Increased Regulatory Scrutiny Contributes to Legal Outsourcing expansion

Increased Regulatory Scrutiny Contributes to Legal Outsourcing expansion




Following the global financial crisis, businesses are facing increased regulatory compliance pressures. To tighten regulatory oversight in the UK, the UK government restructured financial regulation and divided the Financial sets Authority (FSA) into two regulatory bodies — the Financial Conduct Authority and the Prudential Regulatory Authority. Across the pond, the US enacted the Dodd-Frank Wall Street Reform and Consumer Protection Act, which changed the American financial regulatory ecosystem and almost every part of the nation’s financial sets industry. In the wake of these sweeping regulatory reforms, companies in regulated industries, such as finance and healthcare, must be hyper-diligent with their compliance programs.

Today, industry regulators in the UK and US are aggressively investigating any allegations of corruption and bribery, particularly related to foreign jurisdictions. afterward, the number of investigations and litigations has increased considerably, and companies confront heavy fines for noncompliance – and already risk criminal prosecution.

When an investigation occurs, corporate legal departments often need to provide huge amounts of information to satisfy regulator requests. The traditional ways of gathering and collating this information and reviewing it for relevance are no longer possible. Legal departments need to have the ability to review information quickly and cost effectively, so they can respond efficiently to regulatory notices.

Law firms may not be the ideal choice to manage large volumes of information and data in a timely and cost-effective manner. Collecting and ESI processing, forensic examination, storage, database management, hosting, and software configuration and maintenance are non-legal sets that can be provided by non-legal specialists. Legal outsourcing providers (Legal course of action Outsourcing) are better positioned to manager these responsibilities because they typically offer progressive technology and more focus on these skill sets, which are now basic for both litigation and regulatory investigations. Seasoned LPOs are geared up to provide exactly this kind of predictability of costs and time lines for disclosure and can work to a fixed budget. This provides more certainty and allows clients to control costs particularly in complicate investigations or litigation situations.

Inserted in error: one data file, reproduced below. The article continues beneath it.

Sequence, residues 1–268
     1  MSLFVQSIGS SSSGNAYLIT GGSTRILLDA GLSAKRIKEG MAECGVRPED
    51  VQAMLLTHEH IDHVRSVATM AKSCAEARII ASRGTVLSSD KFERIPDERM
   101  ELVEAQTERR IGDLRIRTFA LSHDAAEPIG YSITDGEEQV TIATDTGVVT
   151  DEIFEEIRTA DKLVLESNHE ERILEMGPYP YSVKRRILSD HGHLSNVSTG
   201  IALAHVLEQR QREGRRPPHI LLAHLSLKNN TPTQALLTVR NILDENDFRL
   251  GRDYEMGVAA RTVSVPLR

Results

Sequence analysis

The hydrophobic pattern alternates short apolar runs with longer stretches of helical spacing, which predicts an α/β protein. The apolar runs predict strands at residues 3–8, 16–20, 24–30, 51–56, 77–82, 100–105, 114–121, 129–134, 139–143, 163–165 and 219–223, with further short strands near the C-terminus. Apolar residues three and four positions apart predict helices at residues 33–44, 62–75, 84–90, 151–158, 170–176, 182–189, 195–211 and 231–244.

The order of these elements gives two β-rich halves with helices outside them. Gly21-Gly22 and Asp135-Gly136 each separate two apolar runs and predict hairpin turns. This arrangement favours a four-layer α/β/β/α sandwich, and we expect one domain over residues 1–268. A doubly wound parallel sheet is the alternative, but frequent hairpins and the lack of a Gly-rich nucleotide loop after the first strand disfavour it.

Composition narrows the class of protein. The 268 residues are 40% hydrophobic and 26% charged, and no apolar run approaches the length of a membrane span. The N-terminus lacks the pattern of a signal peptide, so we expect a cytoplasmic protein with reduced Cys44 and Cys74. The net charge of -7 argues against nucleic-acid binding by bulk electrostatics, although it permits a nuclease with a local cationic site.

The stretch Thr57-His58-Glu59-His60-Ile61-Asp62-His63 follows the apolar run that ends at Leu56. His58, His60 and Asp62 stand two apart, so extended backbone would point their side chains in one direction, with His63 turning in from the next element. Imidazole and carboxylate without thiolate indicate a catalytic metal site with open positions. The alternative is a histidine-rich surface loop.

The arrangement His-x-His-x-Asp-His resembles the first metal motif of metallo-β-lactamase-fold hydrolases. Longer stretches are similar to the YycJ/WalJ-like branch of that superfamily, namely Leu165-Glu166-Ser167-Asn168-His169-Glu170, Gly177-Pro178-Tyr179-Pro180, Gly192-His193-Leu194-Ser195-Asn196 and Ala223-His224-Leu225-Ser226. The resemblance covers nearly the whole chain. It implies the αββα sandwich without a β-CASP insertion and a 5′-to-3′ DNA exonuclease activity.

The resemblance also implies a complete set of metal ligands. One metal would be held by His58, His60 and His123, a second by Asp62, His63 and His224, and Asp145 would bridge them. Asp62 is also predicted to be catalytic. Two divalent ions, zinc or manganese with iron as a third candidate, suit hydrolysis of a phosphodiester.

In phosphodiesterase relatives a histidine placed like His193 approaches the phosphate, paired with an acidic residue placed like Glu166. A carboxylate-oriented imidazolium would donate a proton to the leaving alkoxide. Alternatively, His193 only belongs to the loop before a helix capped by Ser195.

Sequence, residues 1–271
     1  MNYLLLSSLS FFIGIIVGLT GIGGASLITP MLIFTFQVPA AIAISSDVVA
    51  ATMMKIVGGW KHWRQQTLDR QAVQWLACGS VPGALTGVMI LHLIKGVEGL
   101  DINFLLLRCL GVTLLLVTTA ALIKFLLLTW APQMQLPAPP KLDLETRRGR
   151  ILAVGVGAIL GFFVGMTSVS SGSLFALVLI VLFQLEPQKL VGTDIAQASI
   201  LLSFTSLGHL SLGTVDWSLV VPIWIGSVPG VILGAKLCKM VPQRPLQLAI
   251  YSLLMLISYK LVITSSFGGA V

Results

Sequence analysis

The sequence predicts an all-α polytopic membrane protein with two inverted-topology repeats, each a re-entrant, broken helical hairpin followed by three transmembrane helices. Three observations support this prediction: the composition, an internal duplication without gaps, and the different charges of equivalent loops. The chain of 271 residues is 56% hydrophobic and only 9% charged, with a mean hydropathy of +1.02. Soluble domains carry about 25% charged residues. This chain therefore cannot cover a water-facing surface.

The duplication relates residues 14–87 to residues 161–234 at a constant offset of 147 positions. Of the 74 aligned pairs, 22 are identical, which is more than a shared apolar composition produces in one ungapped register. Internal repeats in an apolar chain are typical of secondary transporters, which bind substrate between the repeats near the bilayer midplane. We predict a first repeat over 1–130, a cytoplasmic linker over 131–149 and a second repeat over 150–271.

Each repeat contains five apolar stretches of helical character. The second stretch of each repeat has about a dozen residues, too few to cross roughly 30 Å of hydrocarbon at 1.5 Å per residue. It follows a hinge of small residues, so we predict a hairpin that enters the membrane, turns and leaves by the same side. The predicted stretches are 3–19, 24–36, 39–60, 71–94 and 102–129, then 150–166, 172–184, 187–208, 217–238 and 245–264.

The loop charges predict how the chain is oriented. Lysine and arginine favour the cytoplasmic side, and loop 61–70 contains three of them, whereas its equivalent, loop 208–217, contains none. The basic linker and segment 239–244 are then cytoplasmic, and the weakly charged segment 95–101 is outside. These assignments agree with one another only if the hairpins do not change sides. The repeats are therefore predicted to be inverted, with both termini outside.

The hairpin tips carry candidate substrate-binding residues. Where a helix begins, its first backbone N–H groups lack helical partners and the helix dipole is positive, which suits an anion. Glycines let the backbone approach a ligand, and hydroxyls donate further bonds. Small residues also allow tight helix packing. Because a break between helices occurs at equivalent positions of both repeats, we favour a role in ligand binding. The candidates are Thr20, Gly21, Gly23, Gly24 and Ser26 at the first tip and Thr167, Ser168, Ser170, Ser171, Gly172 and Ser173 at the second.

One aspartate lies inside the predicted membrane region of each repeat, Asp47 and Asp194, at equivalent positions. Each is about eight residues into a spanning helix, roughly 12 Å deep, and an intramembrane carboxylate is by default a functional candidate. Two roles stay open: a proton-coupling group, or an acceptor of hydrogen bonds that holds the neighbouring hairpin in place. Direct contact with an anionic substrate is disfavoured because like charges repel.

At the same time, the courts are mandating a wider and deeper review of electronic documents in legal proceedings in addition as an explanation of what steps parties have taken to retrieve potentially applicable e-documents. Again, LPOs are well-equipped to provide end-to-end data management, allowing clients to confidently outsource document management and review work in regulatory matters. Some clients are already setting up panels of LPOs and requiring their external law firms to work collaboratively with these LPOs to ensure that the possible cost savings are properly and appropriately realized.

The global financial crisis has forced corporations to develop new strategies to cost-effectively and efficiently manager investigations and litigation. As more companies look to manage the associated costs and risks resulting from regulatory scrutiny, document review and e-discovery are likely to be growth areas for LPOs.




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